Journal of Urban Health

, Volume 90, Issue 3, pp 412–426

More Than Just An Eyesore: Local Insights And Solutions on Vacant Land And Urban Health

Authors

    • Department of Emergency MedicinePerelman School of Medicine at the University of Pennsylvania
  • Charles Branas
    • Department of Biostatistics and EpidemiologyPerelman School of Medicine at the University of Pennsylvania
  • Shimrit Keddem
    • Department of Family Medicine and Community HealthPerelman School of Medicine at the University of Pennsylvania
  • Jeffrey Sellman
    • Perelman School of Medicine at the University of Pennsylvania
  • Carolyn Cannuscio
    • Department of Family Medicine and Community Health and the Mixed Methods Research LaboratoryPerelman School of Medicine at the University of Pennsylvania
Article

DOI: 10.1007/s11524-012-9782-7

Cite this article as:
Garvin, E., Branas, C., Keddem, S. et al. J Urban Health (2013) 90: 412. doi:10.1007/s11524-012-9782-7

Abstract

Vacant land is a significant economic problem for many cities, but also may affect the health and safety of residents. In order for community-based solutions to vacant land to be accepted by target populations, community members should be engaged in identifying local health impacts and generating solutions. We conducted 50 in-depth semi-structured interviews with people living in Philadelphia, Pennsylvania, a city with high vacancy, about the impact of vacant land on community and individual health and safety, as well as ideas for solutions to vacant land. Participants described a neighborhood physical environment dominated by decaying abandoned homes and overgrown vacant lots which affected community well-being, physical health, and mental health. Vacant land was thought to affect community well-being by overshadowing positive aspects of the community, contributing to fractures between neighbors, attracting crime, and making residents fearful. Vacant land was described as impacting physical health through injury, the buildup of trash, and attraction of rodents, as well as mental health through anxiety and stigma. Participants had several ideas for solutions to vacant land in their community, including transformation of vacant lots into small park spaces for the elderly and playgrounds for youth, and the use of abandoned homes for subsidized housing and homeless shelters. A few participants took pride in maintaining vacant lots on their block, and others expressed interest in performing maintenance but lacked the resources to do so. Public health researchers and practitioners, and urban planners should engage local residents in the design and implementation of vacant land strategies. Furthermore, municipalities should ensure that the health and safety impact of vacant land helps drive policy decisions around vacant land.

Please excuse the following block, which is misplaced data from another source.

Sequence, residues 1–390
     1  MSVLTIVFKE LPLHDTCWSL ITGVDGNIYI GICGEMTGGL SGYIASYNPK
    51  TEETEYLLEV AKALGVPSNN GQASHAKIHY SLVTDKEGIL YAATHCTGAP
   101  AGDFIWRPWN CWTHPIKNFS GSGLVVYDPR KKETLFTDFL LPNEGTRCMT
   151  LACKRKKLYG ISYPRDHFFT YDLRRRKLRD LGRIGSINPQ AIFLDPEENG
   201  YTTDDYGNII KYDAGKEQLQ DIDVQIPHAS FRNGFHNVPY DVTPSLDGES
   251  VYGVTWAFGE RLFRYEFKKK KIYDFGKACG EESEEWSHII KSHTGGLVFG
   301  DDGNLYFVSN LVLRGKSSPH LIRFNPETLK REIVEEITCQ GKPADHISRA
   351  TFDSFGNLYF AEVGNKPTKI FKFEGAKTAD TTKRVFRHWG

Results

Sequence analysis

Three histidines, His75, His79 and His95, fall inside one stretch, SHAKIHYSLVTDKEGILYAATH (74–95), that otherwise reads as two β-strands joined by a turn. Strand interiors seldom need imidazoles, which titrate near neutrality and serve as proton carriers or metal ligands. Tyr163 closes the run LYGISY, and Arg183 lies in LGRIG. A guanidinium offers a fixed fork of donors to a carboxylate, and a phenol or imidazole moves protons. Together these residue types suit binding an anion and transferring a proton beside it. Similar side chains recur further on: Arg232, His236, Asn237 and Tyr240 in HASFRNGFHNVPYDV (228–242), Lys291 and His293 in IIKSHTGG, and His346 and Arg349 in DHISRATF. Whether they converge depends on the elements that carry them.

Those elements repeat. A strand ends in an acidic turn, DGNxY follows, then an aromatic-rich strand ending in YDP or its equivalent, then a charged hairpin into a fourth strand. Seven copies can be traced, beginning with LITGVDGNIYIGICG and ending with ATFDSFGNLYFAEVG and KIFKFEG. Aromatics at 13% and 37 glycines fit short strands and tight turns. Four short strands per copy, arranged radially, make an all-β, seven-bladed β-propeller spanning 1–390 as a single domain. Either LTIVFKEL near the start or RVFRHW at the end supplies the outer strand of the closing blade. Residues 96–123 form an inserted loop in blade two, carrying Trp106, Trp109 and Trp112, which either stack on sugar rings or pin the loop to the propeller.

Keywords

Vacant landNeighborhood conditionsPublic healthSafetyLocal perspectiveQualitative researchUrban blightUrban renewal

Copyright information

© The New York Academy of Medicine 2012